6. A cooking utensil adapted for cooking a pizza from a batter comprising, in combination:
a first member having a cooking surface thereon for receiving said batter, said cooking surface having a central imperforate planar area, and an upwardly and outwardly directed peripheral side wall surrounding said central imperforate planar area and supporting means formed adjacent the perimeter of said side wall; a recess surrounding said central imperforate planar area at the juncture of said central imperforate planar area and said side wall, said recess providing a thickened quantity of said batter around the periphery of said pizza to form a thickened edge crust on the pizza during cooking;
a base member having means thereon for supporting said base member over a heating surface; a peripheral side wall extending outwardly and upwardly from said base member supporting means, said base member side wall and said base member supporting means defining a central opening through said base member to allow the admittance of heat thereinto, said base member side wall terminating in an outer peripheral flange, said flange being adapted to receive said supporting means on said first member, said first member being supported above said lower surface and forming a heating chamber below said first member cooking surface when said supporting means is so received;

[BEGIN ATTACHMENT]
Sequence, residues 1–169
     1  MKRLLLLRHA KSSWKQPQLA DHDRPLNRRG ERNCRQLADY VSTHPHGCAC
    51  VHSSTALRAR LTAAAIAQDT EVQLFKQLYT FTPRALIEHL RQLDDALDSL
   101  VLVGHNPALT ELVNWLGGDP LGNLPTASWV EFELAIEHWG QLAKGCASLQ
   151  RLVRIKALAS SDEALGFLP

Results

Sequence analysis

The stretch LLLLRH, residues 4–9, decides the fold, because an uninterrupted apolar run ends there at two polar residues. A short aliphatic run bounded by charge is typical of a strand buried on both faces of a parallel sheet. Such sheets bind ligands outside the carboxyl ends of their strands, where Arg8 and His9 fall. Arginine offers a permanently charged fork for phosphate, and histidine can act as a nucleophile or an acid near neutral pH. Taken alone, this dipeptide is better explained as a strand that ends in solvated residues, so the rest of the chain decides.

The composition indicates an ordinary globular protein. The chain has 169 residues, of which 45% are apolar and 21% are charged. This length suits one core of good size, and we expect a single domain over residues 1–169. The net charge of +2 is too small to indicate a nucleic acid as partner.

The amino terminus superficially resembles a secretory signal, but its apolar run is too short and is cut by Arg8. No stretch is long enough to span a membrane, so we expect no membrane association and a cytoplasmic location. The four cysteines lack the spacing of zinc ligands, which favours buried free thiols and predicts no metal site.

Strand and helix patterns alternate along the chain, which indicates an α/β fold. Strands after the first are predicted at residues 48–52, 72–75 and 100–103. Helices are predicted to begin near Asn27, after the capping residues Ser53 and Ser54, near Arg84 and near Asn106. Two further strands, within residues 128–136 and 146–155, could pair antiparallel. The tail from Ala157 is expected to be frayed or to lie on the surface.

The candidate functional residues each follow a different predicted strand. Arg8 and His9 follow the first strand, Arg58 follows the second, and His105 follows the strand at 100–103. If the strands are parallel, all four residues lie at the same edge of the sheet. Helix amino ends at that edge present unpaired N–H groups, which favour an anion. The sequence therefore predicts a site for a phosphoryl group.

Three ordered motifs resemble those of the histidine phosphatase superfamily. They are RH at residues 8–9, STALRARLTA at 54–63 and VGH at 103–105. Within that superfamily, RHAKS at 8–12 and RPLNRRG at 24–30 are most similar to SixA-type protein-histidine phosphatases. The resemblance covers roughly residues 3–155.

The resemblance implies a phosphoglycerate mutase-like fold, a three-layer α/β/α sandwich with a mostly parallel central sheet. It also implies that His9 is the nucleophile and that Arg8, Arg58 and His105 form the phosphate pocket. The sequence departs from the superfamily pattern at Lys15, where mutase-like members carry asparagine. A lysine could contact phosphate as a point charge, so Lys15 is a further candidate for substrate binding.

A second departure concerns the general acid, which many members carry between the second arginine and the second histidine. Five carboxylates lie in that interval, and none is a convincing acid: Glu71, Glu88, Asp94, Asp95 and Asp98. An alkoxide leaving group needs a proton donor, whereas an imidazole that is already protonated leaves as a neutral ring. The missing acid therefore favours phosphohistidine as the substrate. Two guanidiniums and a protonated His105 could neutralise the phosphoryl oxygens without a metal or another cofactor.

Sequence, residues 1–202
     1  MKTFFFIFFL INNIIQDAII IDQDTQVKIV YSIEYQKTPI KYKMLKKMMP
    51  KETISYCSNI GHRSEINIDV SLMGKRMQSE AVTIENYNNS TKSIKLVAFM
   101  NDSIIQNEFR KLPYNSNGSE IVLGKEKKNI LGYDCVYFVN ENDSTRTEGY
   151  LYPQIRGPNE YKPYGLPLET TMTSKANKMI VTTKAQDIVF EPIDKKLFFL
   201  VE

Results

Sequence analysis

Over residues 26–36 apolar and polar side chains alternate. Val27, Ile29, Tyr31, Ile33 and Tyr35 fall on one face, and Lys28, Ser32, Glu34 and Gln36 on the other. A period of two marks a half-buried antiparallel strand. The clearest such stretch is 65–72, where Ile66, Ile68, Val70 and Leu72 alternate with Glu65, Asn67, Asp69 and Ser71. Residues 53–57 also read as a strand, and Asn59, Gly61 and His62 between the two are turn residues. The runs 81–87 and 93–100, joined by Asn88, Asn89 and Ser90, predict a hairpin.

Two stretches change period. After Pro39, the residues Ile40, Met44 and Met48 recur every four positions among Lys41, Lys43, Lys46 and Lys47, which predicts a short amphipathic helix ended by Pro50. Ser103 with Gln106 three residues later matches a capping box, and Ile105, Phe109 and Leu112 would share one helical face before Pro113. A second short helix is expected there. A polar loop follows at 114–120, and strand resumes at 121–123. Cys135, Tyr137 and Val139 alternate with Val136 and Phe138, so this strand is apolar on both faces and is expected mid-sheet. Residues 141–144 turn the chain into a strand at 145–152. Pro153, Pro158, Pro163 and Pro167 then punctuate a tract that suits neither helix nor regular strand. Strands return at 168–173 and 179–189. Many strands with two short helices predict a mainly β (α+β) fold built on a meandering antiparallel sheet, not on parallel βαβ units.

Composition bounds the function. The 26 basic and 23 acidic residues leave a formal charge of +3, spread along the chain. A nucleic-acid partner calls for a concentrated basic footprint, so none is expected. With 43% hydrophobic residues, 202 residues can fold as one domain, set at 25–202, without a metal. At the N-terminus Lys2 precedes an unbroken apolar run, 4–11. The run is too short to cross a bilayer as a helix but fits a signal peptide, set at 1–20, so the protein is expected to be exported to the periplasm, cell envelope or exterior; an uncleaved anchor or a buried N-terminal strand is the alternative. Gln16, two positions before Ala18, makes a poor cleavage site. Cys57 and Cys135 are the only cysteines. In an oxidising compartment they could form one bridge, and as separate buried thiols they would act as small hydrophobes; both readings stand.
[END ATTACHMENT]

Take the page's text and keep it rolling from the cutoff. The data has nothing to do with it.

a cover member, said cover member having a peripheral lip thereon adapted for sealing engagement with said supporting means on said first member; said cover member and said first member cooperatively forming an oven chamber above said heating chamber and first member cooking surface; and
means defining a plurality of spaced openings through said first member peripheral side wall above said planar area whereby heat is transferred from said heating chamber through said openings and into said oven chamber above said cooking surface.
7. The cooking utensil of claim 6 wherein said first member, said cooking surface, said base member and said cover member are generally circular in configuration.